In closing let me thank you again for your  help in making 2019 a very productive year for our organization. With you I look forward to 2020 for another a great year, and send my very best wishes to you and your families for a happy and healthy New Year.
Arizona Psychiatric Society Vice President

A note of prelude from Guest Editor, Dr. Srivathsal:  We asked Dr. Singh if he has any specific words of wisdom regarding suicide prevention, especially among physicians, and he said "The ability to find meaning and a sense of connectedness seem to reduce our risk. Hopefully APS can help us find a way to connect with each other". Thank you. Dr. Singh for sharing your thoughts with us, and it is a pleasure knowing more about you!
I was born and raised in India. As my father worked for the Indian railways I was able to travel a lot while growing up and am still hooked to opening my horizons through travel. After high school the big decision point for me was, whether to enter art school or medical school. I think I chose wisely. I graduated from the University of Delhi, Maulana Azad Medical College in 1995, and completed my Psychiatry training at the Mayo Clinic, Rochester MN in 2001.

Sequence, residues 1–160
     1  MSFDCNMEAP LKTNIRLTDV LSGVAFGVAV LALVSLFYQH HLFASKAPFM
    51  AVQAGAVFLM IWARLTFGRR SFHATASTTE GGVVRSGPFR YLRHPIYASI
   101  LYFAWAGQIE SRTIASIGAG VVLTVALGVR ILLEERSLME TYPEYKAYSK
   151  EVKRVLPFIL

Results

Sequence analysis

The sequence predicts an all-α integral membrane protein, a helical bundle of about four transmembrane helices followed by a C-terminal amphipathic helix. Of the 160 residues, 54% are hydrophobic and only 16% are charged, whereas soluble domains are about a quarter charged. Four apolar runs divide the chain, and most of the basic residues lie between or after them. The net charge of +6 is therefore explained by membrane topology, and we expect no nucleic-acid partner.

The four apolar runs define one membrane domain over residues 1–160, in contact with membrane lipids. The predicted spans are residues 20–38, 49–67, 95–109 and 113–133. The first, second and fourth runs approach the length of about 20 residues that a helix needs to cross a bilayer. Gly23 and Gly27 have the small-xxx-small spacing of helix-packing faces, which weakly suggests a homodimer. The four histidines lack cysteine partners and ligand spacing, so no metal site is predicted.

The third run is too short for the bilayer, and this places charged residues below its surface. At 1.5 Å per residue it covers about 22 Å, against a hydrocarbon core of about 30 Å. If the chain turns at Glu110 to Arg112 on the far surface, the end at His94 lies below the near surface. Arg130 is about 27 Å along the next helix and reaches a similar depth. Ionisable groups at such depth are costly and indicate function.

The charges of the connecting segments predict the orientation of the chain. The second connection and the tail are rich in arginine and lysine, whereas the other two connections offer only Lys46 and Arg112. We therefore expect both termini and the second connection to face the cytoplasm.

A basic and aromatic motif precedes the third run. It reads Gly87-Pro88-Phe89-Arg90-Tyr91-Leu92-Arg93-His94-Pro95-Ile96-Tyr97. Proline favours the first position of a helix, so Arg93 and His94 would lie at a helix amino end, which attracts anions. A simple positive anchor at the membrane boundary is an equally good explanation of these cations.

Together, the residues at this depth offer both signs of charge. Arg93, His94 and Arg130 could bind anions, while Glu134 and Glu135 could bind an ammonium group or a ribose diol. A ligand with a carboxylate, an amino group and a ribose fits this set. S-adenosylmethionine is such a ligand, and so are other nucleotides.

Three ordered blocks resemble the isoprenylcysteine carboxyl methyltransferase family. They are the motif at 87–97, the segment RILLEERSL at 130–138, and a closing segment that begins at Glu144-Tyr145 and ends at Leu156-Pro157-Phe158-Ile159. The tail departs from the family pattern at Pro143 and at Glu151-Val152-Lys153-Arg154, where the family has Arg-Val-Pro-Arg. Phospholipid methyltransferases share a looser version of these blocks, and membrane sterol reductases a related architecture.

The fact that I could get paid for talking with people and listening to their stories was what attracted me to psychiatry. And to this day, the ability to talk with my patients is what I like the most about psychiatry. 

My 1 st job out of residency was in a small town in Iowa where I ran a 12-bed inpatient unit, an addictions IOP, mental health PHP and a busy outpatient practice seeing patients that ranged in age from 5 to a 100. After that, I was on faculty at the University of Utah. There, I did a mix of inpatient psychiatry, consultation liaison psychiatry, ECT and worked in the University Counseling Center. 

Before coming to Arizona, I was in the D.C suburbs where I was the Associate Medical Director for Behavioral Health at the Inova health system. I was also on faculty at GWU and VCU. I have worked at Banner health since moving to Arizona in 2013, initially as the Chair for Banner Medical Group's Behavioral Health department and now as CMO for Banner Behavioral Health Hospital and Service line.